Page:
Drying and Curing Cannabis
If you’ve just started growing cannabis you may think that the important part is over once you harvest. Unfortunately, one of the most important processes in the entire cycle starts as soon as you’ve harvested; drying and curing cannabis flowers, which can make or break an entire harvest. Novice growers may attempt to dry out their cannabis faster than they should, which can lead to lackluster flowers that hardly have any aroma or flavor at all, while also producing a less intense effect.
So, why does it matter? The speed at which your flowers dry has quite a large impact on the curing process, which is necessary if you want to achieve maximum aroma and flavor from your flowers. This is usually most growers’ objective; there’s no point in spending months growing beautiful plants just to ruin their flowers at the last second.
Curing Cannabis Flowers – Why You Should Be Doing It
Curing cannabis flowers can actually have a wide range of benefits other than simply making its aroma more intense, which is what many people believe it does. One major benefit of properly drying and curing cannabis is the fact that it can increase the potency of your flowers.
While it’s true that most of the THCA (the acidic form of THC) in cannabis is produced when it’s flowering and alive, when dried and cured at the right temperature and humidity level, the other cannabinoids in the flowers actually have a transition period in which they begin turning into THCA. If dried too fast, this transition period is dramatically decreased.
Curing cannabis also greatly affects flavor and quality of the final product; the terpenes in cannabis (compounds that make up its unique aroma and flavor) can actually degrade in temperatures that are too warm, which can leave them odorless and with very little flavor.
How to Dry Cannabis
Before you can begin drying and curing cannabis, you first need to harvest it. The best way to know when you should harvest is to use the seed bank’s indications as a general guide. This, combined with close inspection of the trichomes (resin droplets), should give you a good idea of when your plants are ready. When inspecting trichomes, use a magnifying glass and check for white trichome heads; if most of the trichome heads are white and cloudy, that means it’s at the perfect time for harvesting, with maximum cannabinoid concentration.
Once you’ve harvested, you’ll need to trim the larger leaves off and keep your plants hanging by branches or full plants. The ideal drying temperature is around 21°C (70°F) at 50% humidity, as anything higher than that can degrade terpenes.
If you seem to be drying your buds too fast even with the right parameters, you should trim less leaves or hang your buds on the plant itself in order to increase humidity within the plan, allowing it to dry out slower. If the opposite is happening, trim more leaves & remove the buds from the plant entirely if needed – if you do this you won’t be able to hang them, so we recommend using a drying rack.
Depending on factors such as how the buds were trimmed, the size of the buds themselves and if they’re being hung or placed in a rack, they’ll take less or more time to dry. The general rule of thumb is that they should take 7 – 12 days to dry before they should be cured. Drying cannabis too fast is a big mistake – water isn’t the only thing that evaporates during the drying period; many other components like chlorophyll have to evaporate too, so if you try and dry it too fast those elements will still be present in the buds and trust me, you’ll be able to taste them.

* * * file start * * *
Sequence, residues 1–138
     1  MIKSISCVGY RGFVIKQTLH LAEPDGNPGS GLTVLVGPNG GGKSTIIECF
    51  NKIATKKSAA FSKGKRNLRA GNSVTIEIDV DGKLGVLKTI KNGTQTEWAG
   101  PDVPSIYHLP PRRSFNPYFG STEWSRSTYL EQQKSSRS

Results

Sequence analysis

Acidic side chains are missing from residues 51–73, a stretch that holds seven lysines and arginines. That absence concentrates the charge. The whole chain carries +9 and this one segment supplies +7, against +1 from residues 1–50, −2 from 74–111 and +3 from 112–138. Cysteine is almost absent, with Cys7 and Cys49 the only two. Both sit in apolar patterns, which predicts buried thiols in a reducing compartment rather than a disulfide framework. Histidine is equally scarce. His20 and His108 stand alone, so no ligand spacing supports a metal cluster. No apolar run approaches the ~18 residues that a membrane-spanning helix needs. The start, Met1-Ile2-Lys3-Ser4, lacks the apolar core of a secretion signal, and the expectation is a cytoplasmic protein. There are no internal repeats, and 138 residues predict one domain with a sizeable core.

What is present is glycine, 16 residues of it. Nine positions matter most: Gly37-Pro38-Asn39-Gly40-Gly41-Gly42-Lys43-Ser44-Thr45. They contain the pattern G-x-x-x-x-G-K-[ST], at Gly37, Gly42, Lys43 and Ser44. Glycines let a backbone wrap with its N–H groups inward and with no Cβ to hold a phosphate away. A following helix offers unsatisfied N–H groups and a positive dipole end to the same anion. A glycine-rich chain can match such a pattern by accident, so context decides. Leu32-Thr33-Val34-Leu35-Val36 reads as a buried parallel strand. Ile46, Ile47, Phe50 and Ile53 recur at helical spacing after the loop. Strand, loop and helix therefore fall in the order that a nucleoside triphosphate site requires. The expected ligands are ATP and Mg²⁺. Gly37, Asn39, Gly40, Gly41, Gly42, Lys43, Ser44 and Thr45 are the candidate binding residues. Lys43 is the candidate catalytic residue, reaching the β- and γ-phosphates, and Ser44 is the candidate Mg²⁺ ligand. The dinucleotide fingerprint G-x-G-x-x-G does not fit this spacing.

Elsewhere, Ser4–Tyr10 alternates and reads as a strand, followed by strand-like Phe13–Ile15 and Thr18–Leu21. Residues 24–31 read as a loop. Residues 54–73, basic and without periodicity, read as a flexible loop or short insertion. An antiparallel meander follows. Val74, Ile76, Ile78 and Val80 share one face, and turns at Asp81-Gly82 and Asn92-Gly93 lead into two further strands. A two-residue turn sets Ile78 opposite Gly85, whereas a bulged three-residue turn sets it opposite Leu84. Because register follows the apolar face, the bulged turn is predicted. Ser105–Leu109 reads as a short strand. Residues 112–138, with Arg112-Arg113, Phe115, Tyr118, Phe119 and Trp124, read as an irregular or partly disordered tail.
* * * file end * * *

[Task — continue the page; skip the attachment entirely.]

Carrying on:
Don’t try to rush the process as buds that have been dried too fast lose almost all of their taste as the resin degrades quite a bit when exposed to heat or strong winds. The chlorophyll will also stick around, because it has to evaporate with the moisture. This will leave you with a leafy taste that you won’t be able to get rid of, and wherever you store it will probably smell a bit strange.
The way you’ll be able to tell if they’re done drying is when the buds feel dry and crispy but when you bend them the branches bend rather than break. When this happens, it’s time to take your buds down and begin the curing process.
Now that your weed is almost completely dry, you’re going to need to cure it properly. To do that, you’ll need to get hermetically sealed containers, preferably made of glass or wood; there are some handy accessories out there such as airtight glass jars with hygrometers. Curing is an extremely slow process that can take two to three more weeks depending on the conditions. With time, the cannabinoids slowly transform until they manage to increase the potency of the effect and flavor as the days go by.
Curing is basically the process of eliminating the chlorophyll in the buds so they don’t taste leafy when you smoke them. Chlorophyll is what makes the plant green, and the way we get rid of it is by rotting it with the rest of the humidity in the buds. The day after putting your bud in the container, open it up again for a few minutes and you’ll notice that the buds are slightly soft again, as if you’d harvested just a few days ago. Open it every day for 5 to 10 minutes to ventilate some of the humidity while still allowing it to kill the chlorophyll. Once the buds are fully dry and crunchy again, you can close the container for another month and when you open it up again you’ll be surprised by the smell, taste, and extremely potent effect.
How to Cure Over-dried Buds
Unfortunately, if you’ve dried your flowers too much there’s not much to be done for curing them, but there is a way to get rid of the chlorophyll which can cause a harsh flavor. You can rehydrate using a number of things – damp paper towel, fruit peels or by spraying. However we highly recommend using Boveda for the best results – it’s much easier to control, and with the other methods you need to keep a constant eye on your jars in case of mold.